Buechner continues:

He said that it was only by him – by living, participating in, being caught up by, the way of life that he embodied. That was his way.

And thank God, that others came to us in his way. People from our church came to us with silent but empathetic embraces. They came bringing nothing with them but their tears and their own broken hearts. Some came bringing a home-cooked meal or a homemade dessert. One came with a vase of freshly-cut flowers from their garden. They came graciously. They came faithfully. They came intentionally with the love and in the way of the Christ. They came with the face of God.

Andrew King poetically reflects on this love, this way and this face:

We thought you wore the skin

of thunder, spoke in verbs of stormwind,

majestic and mighty as lightning

upon summits,


as the cold and silent fire

of distant stars; hidden behind

a curtain in the temple,

an untouchable invisibility approachable

by the highest priest only,

hands freshly bloodied

from an altar.

And then somehow the veil was parted:

we gained glimpses of the glory

of the nearness of your love

as the hurting were healed,

the outcast befriended,

the lost restored,

and everywhere the powers of death

had their dominion challenged,

by the son of a Jewish carpenter

from Galilee.

If you have seen me,

said Jesus, you have seen the Father.

And we do see you there,

in the Gospels,

healing in synagogues

and in houses,

feeding the hungry on hillsides,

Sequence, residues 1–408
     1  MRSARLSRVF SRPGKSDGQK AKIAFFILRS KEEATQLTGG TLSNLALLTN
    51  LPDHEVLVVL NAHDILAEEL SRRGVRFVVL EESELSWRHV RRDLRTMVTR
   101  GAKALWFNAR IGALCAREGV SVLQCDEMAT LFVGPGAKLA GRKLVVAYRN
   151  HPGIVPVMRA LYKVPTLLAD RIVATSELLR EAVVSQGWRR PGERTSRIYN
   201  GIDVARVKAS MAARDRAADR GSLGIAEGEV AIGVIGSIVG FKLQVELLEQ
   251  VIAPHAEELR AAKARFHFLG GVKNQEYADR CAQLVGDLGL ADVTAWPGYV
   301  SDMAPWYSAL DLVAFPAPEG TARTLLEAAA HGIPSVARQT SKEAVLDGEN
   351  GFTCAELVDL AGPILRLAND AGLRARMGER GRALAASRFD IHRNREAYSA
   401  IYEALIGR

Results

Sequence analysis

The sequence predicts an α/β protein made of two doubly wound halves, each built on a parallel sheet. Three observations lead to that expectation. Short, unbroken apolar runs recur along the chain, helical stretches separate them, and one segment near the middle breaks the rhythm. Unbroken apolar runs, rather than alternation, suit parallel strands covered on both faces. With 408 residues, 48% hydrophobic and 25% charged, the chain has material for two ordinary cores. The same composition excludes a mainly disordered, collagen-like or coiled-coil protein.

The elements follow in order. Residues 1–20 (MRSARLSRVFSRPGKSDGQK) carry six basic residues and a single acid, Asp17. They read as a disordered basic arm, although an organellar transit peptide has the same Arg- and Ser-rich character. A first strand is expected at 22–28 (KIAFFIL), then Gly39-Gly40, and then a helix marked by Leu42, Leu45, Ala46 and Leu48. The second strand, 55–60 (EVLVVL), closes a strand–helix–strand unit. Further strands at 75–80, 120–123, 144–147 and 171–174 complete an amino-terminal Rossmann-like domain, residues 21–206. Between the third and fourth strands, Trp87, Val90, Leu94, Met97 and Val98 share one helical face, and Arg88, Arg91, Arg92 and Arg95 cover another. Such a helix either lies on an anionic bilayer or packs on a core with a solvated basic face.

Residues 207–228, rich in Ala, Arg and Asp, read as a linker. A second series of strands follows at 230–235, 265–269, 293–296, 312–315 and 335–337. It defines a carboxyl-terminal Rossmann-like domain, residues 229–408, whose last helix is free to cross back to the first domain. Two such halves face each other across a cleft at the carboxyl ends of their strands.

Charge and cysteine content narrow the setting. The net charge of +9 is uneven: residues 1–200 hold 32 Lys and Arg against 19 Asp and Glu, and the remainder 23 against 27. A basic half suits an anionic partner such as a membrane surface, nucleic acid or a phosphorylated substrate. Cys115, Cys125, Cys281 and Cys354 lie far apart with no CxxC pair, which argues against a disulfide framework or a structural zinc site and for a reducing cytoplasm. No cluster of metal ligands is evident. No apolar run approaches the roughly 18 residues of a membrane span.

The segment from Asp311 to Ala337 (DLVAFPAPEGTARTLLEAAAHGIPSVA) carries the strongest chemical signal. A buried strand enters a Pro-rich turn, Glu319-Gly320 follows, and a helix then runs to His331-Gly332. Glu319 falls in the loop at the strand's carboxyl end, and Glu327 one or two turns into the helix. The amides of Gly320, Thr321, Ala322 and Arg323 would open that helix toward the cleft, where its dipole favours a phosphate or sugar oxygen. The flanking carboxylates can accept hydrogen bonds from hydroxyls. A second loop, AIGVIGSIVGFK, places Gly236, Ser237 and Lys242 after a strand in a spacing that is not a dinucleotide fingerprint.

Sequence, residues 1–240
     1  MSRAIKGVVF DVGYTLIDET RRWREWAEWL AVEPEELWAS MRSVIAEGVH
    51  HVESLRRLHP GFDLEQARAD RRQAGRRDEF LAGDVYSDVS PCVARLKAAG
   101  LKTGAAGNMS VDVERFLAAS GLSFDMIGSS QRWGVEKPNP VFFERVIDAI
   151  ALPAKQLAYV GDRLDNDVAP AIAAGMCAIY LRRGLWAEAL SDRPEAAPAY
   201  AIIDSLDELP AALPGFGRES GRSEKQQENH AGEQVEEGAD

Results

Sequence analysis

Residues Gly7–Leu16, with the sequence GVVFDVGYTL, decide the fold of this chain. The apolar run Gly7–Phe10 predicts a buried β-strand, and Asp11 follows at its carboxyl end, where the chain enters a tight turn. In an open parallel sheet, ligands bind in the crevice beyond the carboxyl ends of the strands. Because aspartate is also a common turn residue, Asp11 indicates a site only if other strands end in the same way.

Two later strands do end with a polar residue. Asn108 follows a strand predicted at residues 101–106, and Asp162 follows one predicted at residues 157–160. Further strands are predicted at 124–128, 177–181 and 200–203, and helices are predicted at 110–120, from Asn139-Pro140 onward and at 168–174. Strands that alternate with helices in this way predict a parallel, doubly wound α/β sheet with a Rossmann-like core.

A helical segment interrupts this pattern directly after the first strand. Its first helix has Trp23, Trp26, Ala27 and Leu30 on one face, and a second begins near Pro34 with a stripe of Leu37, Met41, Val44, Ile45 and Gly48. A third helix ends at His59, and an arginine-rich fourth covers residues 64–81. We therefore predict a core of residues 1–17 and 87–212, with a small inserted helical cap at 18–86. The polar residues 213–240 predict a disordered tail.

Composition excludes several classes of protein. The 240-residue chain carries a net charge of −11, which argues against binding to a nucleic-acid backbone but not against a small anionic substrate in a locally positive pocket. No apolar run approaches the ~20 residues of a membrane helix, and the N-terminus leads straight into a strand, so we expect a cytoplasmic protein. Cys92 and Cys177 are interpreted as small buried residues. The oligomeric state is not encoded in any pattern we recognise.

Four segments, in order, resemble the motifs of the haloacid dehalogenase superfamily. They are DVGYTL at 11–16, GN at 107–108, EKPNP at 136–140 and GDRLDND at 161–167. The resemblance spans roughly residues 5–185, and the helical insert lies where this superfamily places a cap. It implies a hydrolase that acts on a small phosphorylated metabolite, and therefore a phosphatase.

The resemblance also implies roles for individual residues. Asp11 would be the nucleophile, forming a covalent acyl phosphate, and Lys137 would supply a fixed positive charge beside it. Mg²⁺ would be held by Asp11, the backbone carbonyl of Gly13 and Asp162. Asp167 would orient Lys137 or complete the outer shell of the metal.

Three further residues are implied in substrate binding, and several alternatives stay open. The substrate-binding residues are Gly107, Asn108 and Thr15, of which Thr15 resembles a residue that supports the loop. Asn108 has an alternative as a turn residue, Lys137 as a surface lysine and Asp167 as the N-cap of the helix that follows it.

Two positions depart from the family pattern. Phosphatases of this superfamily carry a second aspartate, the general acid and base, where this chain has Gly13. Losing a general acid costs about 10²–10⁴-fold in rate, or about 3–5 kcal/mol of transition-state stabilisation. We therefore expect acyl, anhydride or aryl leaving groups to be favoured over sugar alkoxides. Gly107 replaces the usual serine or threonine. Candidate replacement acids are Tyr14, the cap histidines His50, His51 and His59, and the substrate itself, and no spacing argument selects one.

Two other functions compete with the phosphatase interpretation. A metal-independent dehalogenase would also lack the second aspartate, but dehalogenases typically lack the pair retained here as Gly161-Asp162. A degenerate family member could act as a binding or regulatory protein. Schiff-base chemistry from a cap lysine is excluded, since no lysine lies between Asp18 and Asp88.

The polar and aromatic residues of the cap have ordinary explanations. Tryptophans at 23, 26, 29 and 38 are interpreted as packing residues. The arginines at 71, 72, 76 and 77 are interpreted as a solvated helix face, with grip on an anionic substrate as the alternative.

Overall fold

embracing the lepers and the sinners,

turning over the tables

in the temple,

nailed to a cross of injustice

but risen,

greeting women at

the graveside,

sharing bread with your friends,

the dominion of death


Approachable, reachable,

the accessible God,

visible in the skin of Jesus.

But you are not done,

not content to wear

such skin only in the pages

of the Gospels.

The many-colored, multi-shaped

body of Christ – the Church

wide as the nations of the world –

bears your image where it acts

in your love:

still feeding,

still healing,

still teaching mercy,

making you visible

not in great

structures nor

in high saints alone,

but in the ordinary

persons in the pews,

as here, on a day like any other,

a woman making dinner,

and packing it,

knocking on the door of a neighbor

newly home from surgery for cancer:

the face of the one receiving it

lit with thankfulness,

the face of the one freely giving

like the face

of God.

When our hearts were troubled, because of the many faces of God that came to us in his way, in the visible skin of the body of Christ, although we were without child, on Mother’s Day in 1994, we still had special reasons to celebrate.

And on Mother’s Day in 2017, I can stand here today confidently proclaiming that Jesus—not religion, not ethics, not any doctrine—Jesus is the way, the truth and the life.

Let us pray,

God, embolden us to live, participate in, be caught up by, the way of life embodied by the Christ. Amen.

Invitation to the Table

The way to this table of communion this morning is not religion. The way to the bread of life is not ethics. The way to the cup of salvation is not any doctrine. The way to the life and to the truth that is represented here is only Jesus. And since Jesus lived and died to make a way for all, all are invited.

Light It Up!


Matthew 5:1-20